Arguably the most dynamic scorer in the ACC last season, Malcolm Delaney withdrew his name from the NBA Draft after discovering that he wasn't a likely first round pick. A known commodity with clearly defined weaknesses, the senior could improve his stock if he can show progress in some key areas and lead his team deep in the NCAA Tournament.
Delaney's weaknesses as a prospect are rooted in the ambiguity regarding his position at the next level. Standing just 6'3, Delaney is undersized for a NBA shooting guard, and while he has great quickness, he isn't a great leaper and needs to get stronger. Couple his physical profile with the fact that he uses his quickness to score more frequently than he does to pass and his sometimes questionable shot selection, and it is safe to say that anything Delaney shows as a floor general this season on top of what we've seen from him in the past will improve his stock.
Though Delaney is known on the national scene for his scoring prowess, he flashes some playmaking ability. He can get into the lane and draw addition defenders seamlessly off the dribble with his excellent first step. However, needs to do improve his left hand and do a better job of identifying when to give the ball up and when to keep it a tall order for a player who is naturally looking to score . Any time Delaney spends orchestrating Virginia Tech's offense this coming season will bode well for his future, as the experience he gains should aid him when he attempts to prove the he can assume the role of primary ball-handler on the next level.
In addition to his passing ability, it would be nice to see Delaney improve his offensive efficiency on the whole. Though it is his aggressive nature that allows him to light up the scoreboard against the NCAA's best, he's prone to force a few guarded jumpers from the perimeter every game and doesn't finish at the rim at a very good rate. He dones compensate for both of those limitations by getting to the line as much as anyone, but according to Synergy Sports Technology, he made just 35.3% of his jump shots last season and only finished 35.9% of his chances at the rim.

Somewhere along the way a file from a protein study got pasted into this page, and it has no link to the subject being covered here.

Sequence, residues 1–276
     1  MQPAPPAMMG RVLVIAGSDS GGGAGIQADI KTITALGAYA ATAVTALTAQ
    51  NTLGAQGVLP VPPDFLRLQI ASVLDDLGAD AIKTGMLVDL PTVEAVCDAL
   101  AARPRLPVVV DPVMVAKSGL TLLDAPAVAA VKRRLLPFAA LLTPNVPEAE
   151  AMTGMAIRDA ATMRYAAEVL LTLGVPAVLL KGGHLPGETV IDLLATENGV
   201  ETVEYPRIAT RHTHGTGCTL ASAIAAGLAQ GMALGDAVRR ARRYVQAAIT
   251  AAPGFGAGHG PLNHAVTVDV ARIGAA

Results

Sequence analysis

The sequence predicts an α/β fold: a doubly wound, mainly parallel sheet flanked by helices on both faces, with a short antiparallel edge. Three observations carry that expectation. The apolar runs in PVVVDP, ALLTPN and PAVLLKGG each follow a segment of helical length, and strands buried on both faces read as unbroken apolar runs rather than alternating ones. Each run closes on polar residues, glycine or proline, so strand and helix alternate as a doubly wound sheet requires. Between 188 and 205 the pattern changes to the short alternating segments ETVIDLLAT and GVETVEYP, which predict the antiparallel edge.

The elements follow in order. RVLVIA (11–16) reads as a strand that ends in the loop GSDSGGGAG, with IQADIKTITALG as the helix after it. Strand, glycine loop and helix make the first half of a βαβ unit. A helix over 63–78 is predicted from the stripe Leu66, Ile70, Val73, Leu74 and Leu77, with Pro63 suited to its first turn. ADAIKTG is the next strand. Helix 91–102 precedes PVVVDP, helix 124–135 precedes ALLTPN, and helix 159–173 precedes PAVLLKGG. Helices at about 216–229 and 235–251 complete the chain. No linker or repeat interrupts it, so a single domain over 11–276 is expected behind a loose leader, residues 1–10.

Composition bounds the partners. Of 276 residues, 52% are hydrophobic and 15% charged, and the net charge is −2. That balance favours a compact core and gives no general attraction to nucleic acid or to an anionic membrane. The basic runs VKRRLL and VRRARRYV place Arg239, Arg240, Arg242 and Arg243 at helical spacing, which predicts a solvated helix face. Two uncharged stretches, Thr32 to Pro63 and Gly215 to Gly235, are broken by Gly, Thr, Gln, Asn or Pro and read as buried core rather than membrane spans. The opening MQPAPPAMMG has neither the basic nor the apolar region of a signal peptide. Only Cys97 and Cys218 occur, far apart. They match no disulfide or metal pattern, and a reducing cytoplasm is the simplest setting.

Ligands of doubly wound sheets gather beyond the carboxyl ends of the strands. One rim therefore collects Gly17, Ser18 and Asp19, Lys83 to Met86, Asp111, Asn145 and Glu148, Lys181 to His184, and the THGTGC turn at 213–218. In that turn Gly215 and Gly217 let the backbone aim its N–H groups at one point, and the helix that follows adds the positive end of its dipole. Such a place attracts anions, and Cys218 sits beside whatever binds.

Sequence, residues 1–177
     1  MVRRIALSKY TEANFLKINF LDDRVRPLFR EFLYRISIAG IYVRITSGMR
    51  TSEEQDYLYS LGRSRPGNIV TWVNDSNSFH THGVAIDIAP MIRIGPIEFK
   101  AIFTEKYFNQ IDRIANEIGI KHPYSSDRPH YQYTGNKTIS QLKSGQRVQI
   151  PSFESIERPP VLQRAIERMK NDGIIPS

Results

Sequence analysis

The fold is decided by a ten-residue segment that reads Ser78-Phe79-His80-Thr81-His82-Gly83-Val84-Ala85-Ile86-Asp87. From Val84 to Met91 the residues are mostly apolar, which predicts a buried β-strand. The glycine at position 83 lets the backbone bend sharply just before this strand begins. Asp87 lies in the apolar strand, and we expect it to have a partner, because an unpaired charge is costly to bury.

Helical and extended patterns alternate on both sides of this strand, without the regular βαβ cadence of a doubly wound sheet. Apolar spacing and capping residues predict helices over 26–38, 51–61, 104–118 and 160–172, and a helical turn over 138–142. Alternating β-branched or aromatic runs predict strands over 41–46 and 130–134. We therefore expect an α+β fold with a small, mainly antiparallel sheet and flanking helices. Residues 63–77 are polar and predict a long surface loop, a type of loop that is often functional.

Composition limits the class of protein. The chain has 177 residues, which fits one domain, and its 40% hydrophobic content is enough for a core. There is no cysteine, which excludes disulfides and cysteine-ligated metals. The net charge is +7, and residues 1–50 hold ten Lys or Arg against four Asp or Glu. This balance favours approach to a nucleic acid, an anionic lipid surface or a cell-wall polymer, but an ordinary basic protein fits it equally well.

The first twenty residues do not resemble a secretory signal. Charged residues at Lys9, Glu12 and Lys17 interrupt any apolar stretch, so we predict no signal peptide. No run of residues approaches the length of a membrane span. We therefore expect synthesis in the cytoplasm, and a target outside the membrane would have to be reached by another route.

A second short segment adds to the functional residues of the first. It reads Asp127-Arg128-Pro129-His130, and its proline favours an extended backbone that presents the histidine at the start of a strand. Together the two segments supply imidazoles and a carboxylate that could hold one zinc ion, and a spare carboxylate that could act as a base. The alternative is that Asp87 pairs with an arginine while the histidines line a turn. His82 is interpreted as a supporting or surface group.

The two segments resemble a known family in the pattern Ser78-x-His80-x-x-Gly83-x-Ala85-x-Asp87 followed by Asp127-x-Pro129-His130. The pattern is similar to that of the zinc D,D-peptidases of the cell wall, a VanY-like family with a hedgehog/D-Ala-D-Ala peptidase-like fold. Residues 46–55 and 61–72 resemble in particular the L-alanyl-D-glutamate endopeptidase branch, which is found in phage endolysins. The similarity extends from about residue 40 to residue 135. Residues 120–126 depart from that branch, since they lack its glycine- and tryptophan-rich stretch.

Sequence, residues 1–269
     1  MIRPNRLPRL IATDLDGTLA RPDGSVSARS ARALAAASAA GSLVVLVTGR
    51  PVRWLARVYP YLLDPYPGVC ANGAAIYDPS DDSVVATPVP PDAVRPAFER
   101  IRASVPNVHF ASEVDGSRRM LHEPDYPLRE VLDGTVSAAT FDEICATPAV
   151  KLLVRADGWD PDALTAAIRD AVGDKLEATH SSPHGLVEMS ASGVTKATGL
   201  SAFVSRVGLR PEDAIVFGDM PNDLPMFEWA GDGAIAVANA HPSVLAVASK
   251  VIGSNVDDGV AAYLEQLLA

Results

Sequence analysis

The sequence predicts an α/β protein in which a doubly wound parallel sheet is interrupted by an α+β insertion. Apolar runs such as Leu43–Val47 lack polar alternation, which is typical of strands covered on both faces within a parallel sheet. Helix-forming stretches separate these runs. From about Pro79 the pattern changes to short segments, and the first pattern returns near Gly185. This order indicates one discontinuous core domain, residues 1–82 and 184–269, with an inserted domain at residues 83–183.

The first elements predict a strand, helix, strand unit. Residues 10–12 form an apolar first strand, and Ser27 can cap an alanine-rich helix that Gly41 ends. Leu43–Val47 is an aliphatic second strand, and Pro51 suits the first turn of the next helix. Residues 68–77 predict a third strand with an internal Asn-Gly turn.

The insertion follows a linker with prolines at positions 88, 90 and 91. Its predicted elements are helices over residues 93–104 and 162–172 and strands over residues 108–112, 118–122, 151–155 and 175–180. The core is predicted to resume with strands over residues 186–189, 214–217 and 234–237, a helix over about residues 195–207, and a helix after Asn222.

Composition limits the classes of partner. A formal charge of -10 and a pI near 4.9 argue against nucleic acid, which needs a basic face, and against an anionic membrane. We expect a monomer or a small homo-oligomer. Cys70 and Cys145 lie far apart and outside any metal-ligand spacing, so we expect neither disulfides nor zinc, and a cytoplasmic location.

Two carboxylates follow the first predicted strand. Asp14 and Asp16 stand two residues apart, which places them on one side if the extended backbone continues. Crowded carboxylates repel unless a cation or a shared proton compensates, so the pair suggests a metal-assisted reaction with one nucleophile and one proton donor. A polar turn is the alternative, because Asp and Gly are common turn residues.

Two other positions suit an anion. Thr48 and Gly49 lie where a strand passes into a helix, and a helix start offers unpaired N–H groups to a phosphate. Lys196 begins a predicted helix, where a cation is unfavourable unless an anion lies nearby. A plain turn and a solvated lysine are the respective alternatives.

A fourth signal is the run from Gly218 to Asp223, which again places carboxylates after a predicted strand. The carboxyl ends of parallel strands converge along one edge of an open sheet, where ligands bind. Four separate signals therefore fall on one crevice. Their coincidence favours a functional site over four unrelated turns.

Virginia Tech's heavy reliance on Delaney to create for himself and carry his team through one of the toughest conferences in college basketball certainly plays into his lack of efficiency, but the guard does make some questionable decisions at times especially in the half court. A polarizing figure in the Hokie offense, Delaney's is asked to do a lot for his team, and ability to improve his consistency as a jump shooter and strike a balance between shot selection and passing will be a big part of his team's success.
Defensively, Delaney's quickness is an asset to him, as it gives him the ability to be a disruption in the passing lanes and deny penetration with some consistency. Displaying excellent anticipation when going for steals, Delaney is a solid on ball defender when he focused, but takes a few too many risks in pressuring the ball up near half court and reaching for steals. He'll need to add some muscle to his frame to improve his defensive potential at the next level and struggles to recover when he's beat, but has some useful tools should he get the chance to defend point guards at the next level.
Though Delaney may never be one to make the extra pass out on the perimeter, he'll need to become a more proficient floor general and perimeter shooter to compensate for the athletic shortcomings that will make it difficult for him to finish around the basket at the next level. There's no questioning Delaney's slashing ability and knack for getting to the line, but the rest of his game will be under the microscope this season.